Katharine Kirkland according to her writings in ‘Life in the Bush’ arrived ‘over the straits’ from Tasmania about February 1839 to settle in the (then) Port Phillip District of New South Wales. The Kirkland’s party, consisting of extended family members, including Agnes, the Kirkland’s young daughter, moved with their dray, bullocks, horse, provisions, and sheep to take up a run at Trawalla. Their neighbours were the Learmonth brothers who had moved from Buninyong to Ercildoune. Katharine was one of the few women in early Victoria, and she resided at Trawalla near Beaufort.

The lives of pastoralists (like the Kirklands) around Beaufort changed forever when gold was discovered at Yam Holes Hill in 1852 and at Waterloo in 1853. By 1854 Yam Holes Diggings was known as “Beaufort Poor House” because in times of unemployment prospectors would fossick for a little ‘colour’. On 14 March 1855 the Gold Escort took 7374 oz. of gold with a value of ₤30,000. Late in 1855 the rush to Fiery Creek Diggings began at Golden Point near Mr. Watkin’s gardens and extended for two kilometres from Musical Gully towards Beaufort. By 1856 the goldfield extended to included Wingfield’s Gully, Waterloo Flat and Sailor’s Gully and over 300,000 oz. of gold had been extracted. 

Beaufort’s population reached around 50,000 in 1857 only to fall to 3,800 in 1858. Accompanying this boom in population were stores, shanties, a billiard saloon, a dancing booth and on either side of the narrow street were tents of all sizes and descriptions. People from Britain, America, Germany, Sweden, Italy, China, Wales, and including those from all walks of life, parsons, lawyers, doctors, accountants, tradesman, and labourers had converged on Beaufort in 1857. 

During the early 1860s deep lead mining commenced at Southern Cross and Garribaldi (Jocks) Leads, puddling machines and sluices began working over the old alluvial ground, with horse power being the main source of power, although some mines like Allen and Co. began to use steam power. According to the Mining Registrar the only unoccupied mining ground was the police paddock! 

Some sluicing companies and mines of the time had descriptive names. Among these were the Dancing Feather, Phoenix (Main Lead), Red Hill (Nuggetty Gully), Wimmera, Watkins, Bill’s Hill (Waterloo), West of England, and Yam Holes Hill Sluicing Company, and the Southern Cross Lead, Garribaldi Lead, Shamrock and Thistle, Cockatoo Co., Champion of the Seas (after the vessel that brought the immigrants to Victoria), Olive Branch, and the Flying Bird Company. In the mid 1860s Charlton, Crinoline, and Prince of Wales were operating on the Sulky Gully Lead at Charlton (later renamed Chute 1881). During the late 1860’s and early 1870’s there were four quartz reefs where work began but only one, the Richmond Quartz Reef, reached the mining stage. There were many Chinese puddling in the 1870s. The Chinese camp and later market garden being situated on the western side of the Main Lead Road.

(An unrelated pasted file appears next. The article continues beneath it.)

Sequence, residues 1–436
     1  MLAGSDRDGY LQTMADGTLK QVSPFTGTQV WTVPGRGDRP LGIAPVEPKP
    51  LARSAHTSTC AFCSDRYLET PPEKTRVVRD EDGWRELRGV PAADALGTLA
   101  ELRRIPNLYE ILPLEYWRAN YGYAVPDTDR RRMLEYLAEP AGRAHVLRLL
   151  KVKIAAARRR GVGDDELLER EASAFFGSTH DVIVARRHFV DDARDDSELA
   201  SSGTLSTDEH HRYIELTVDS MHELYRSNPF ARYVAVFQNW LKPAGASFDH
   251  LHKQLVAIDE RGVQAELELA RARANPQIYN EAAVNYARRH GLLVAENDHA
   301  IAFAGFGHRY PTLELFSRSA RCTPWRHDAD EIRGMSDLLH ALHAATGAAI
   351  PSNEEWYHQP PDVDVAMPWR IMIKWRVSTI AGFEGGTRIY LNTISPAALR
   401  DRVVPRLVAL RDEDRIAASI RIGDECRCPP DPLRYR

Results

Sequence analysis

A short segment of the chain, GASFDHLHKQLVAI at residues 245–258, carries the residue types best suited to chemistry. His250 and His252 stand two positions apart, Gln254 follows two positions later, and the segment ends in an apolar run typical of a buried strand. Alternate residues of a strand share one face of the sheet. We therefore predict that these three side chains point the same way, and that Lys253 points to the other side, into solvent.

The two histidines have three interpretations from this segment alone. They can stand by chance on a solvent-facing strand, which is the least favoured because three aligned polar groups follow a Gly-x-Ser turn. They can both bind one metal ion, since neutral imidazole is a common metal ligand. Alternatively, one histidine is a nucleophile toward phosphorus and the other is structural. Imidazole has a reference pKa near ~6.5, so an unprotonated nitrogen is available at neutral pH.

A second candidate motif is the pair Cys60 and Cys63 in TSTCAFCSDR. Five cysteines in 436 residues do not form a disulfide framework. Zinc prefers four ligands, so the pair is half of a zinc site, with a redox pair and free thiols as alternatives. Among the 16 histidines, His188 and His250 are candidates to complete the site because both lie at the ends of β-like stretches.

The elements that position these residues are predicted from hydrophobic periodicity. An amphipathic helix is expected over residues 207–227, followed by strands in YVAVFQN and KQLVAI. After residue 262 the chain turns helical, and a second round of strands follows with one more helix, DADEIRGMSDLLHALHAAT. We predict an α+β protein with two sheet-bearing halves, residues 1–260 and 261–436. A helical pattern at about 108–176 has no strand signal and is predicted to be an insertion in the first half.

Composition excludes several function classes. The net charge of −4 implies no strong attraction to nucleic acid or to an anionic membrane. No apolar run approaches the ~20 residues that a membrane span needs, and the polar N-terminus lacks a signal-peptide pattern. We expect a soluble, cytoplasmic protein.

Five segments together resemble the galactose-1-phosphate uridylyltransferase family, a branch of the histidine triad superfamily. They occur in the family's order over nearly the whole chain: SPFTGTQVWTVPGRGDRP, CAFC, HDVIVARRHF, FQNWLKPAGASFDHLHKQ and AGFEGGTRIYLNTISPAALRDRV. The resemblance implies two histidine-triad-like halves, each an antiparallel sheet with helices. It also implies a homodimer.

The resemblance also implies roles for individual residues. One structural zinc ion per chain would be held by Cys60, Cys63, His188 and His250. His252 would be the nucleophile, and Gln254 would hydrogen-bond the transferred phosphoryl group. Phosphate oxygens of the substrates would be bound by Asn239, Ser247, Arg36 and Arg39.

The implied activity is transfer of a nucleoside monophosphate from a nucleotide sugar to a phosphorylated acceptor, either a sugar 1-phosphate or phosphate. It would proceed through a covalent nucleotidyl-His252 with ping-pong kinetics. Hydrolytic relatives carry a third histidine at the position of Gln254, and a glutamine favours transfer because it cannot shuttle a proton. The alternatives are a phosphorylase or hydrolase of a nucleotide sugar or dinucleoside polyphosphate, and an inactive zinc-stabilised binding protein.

Mining ceased at Beaufort around 1918 when the dredge on Yam Holes Hill closed. The water level in the mines was a problem, so that as each of the mines closed it became more difficult and costly for the remaining mines to pump out the water. Today, the mullock heaps of the Sons of Freedom group of mines, on the Raglan/Chute Road are well worth a visit, as is the mullock marking the site of the Victoria at Waterloo. Still visible in a few spots are the remains of the tramway built to take ballast for the railways from the Victoria site to the station at Trawalla.

Photograph (right) Beaufort, State Library of Victoria

Beaufort c1912 
State Library of Victoria